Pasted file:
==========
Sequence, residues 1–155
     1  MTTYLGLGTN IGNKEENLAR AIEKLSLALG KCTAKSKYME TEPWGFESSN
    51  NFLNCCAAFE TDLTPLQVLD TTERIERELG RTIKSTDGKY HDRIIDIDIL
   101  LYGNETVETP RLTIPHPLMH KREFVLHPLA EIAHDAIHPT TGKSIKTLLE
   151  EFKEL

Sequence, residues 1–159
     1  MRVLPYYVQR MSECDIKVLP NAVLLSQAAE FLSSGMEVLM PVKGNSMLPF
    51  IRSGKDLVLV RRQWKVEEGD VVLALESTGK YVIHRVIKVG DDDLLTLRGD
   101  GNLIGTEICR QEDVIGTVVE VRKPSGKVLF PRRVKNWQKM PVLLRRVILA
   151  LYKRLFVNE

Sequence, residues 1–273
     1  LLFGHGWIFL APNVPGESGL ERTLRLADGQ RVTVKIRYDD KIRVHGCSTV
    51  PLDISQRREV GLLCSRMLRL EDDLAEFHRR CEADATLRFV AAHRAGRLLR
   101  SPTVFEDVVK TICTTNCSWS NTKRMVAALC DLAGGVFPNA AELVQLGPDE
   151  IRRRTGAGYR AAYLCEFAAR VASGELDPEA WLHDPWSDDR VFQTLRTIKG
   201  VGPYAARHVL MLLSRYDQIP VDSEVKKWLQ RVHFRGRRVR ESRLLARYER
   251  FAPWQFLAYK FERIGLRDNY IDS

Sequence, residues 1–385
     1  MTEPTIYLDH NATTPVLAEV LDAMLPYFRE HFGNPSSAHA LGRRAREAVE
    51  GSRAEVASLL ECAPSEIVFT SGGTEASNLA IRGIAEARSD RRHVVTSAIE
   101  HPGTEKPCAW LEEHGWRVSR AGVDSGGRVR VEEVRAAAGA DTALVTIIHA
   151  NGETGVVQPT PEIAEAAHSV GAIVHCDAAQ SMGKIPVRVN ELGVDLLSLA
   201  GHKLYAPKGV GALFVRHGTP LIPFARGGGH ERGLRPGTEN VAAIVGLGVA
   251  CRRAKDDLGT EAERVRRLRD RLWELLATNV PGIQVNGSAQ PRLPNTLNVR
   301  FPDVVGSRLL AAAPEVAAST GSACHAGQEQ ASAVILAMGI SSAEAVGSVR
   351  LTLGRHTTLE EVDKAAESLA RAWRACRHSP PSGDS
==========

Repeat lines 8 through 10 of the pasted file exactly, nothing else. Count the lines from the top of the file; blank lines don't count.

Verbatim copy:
    51  IRSGKDLVLV RRQWKVEEGD VVLALESTGK YVIHRVIKVG DDDLLTLRGD
   101  GNLIGTEICR QEDVIGTVVE VRKPSGKVLF PRRVKNWQKM PVLLRRVILA
   151  LYKRLFVNE